Proctor graduates are collaborative, ethical individuals, ready to contribute productively to their communities. At least that is what we have written in our aspirational Profile of a Proctor Graduate statement. But how do we get them there? Well, part of the answer might be found in last night’s end-of-the term “Innovation Night.”
Research into a lost Revere bell in the old Congregationalist Church turned Proctor infirmary, a business plan to turn plastic trash into lego like building blocks in India, scuttling robots picking up styrofoam squares and controlled by iPhones…all of this was on display by Honors US History, Social Entrepreneurship, and Engineering classes last night. Fiona Mills, Gregor Makechnie, and Josh Norris shepherded their students to these final projects, and what had been happening behind closed classroom doors all term suddenly boomed into the open. It was an affirmative display of collaborative, creative, Proctor “profile” work.
Scattered throughout the Wise Center and English classrooms, groups of students presented research projects, pitched social entrepreneurship ideas, and toggled robots through intricate tasks as part of this end of term Innovation Night. There were timed presentations with feedback from outside experts, opportunities for onlookers to “invest” using Monopoly money, and the vibe of friendly competition and pride. And, yes, just like in the game Monopoly, the five-hundred dollar bills were prized.
I spent a good bit of time time talking to students in Fiona’s U.S. History class. Among the projects, the old Ski Hill behind Leonard Field had been researched and there was excitement about the prospect of bringing it back to turn it into a free-ride facility. Such can be the infectious power of research. Another team looked at the history of hockey at Proctor and the various rink sites on campus where it has been played (there have been at least three).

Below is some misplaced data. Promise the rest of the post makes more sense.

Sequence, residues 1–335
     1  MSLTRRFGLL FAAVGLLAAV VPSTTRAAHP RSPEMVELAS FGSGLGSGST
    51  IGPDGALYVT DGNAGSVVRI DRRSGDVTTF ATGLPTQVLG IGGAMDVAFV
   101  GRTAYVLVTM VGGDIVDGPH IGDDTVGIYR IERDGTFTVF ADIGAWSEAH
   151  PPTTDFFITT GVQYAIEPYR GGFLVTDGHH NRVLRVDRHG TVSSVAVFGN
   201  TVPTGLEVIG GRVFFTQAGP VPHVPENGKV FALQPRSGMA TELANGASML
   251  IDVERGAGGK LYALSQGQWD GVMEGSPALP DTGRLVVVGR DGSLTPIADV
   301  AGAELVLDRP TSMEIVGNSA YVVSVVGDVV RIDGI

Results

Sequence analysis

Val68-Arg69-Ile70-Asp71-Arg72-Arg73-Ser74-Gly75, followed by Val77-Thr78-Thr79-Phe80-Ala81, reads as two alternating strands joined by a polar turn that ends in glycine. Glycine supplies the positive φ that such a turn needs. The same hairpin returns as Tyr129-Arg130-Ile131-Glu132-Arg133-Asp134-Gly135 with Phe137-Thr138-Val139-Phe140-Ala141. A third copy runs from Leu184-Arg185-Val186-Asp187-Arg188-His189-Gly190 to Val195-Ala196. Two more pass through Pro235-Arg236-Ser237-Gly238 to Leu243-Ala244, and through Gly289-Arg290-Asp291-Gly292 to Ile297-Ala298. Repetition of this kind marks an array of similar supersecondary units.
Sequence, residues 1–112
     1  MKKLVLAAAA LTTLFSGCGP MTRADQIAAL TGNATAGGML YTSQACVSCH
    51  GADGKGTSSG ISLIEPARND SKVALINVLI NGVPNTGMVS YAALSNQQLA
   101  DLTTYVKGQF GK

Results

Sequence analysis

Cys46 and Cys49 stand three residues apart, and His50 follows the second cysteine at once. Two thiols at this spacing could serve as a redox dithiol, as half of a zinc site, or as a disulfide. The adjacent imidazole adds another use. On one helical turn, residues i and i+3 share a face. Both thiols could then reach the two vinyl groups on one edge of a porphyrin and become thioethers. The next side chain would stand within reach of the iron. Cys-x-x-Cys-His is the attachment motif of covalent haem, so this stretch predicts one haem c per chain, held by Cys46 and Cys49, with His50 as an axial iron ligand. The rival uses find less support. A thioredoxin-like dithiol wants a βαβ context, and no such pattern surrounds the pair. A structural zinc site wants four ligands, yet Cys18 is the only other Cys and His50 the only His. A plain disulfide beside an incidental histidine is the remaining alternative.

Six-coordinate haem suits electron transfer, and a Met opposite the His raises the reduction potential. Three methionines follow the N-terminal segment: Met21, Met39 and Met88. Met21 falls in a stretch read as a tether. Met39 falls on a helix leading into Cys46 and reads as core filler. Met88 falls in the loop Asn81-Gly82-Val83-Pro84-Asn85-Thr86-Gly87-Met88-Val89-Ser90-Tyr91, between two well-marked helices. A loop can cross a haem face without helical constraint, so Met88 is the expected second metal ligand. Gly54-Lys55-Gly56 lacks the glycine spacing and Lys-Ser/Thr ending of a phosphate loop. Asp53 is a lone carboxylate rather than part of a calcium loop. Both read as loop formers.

Archival photographs were uncovered. Students interviewed local historians. They visited sites. This research into history - primary in its nature - deepens understanding of place, and one has to get to know place before one is ready to invest in place. Whether it was the regionally famous haunted cemetery on the other side of Carr Field or the Wilmot Town Pound, community became more real, more multi-faceted, and less abstract for these historians, entrepreneurs, and innovators.
And there’s something about listening to presenters who want to solve for clean water, create cheaper building materials with trash, engineer and program robots, something about that that kindles hope for the future. These are students who not only know they want to make a difference but who have practiced the steps that making a difference requires. They collapse that distance between the theoretical and the doing.
Collaboration. Engagement. Creativity. It was all part of last night’s Innovation Night.
Mike Henriques P'11, P'15
Proctor Academy Head of School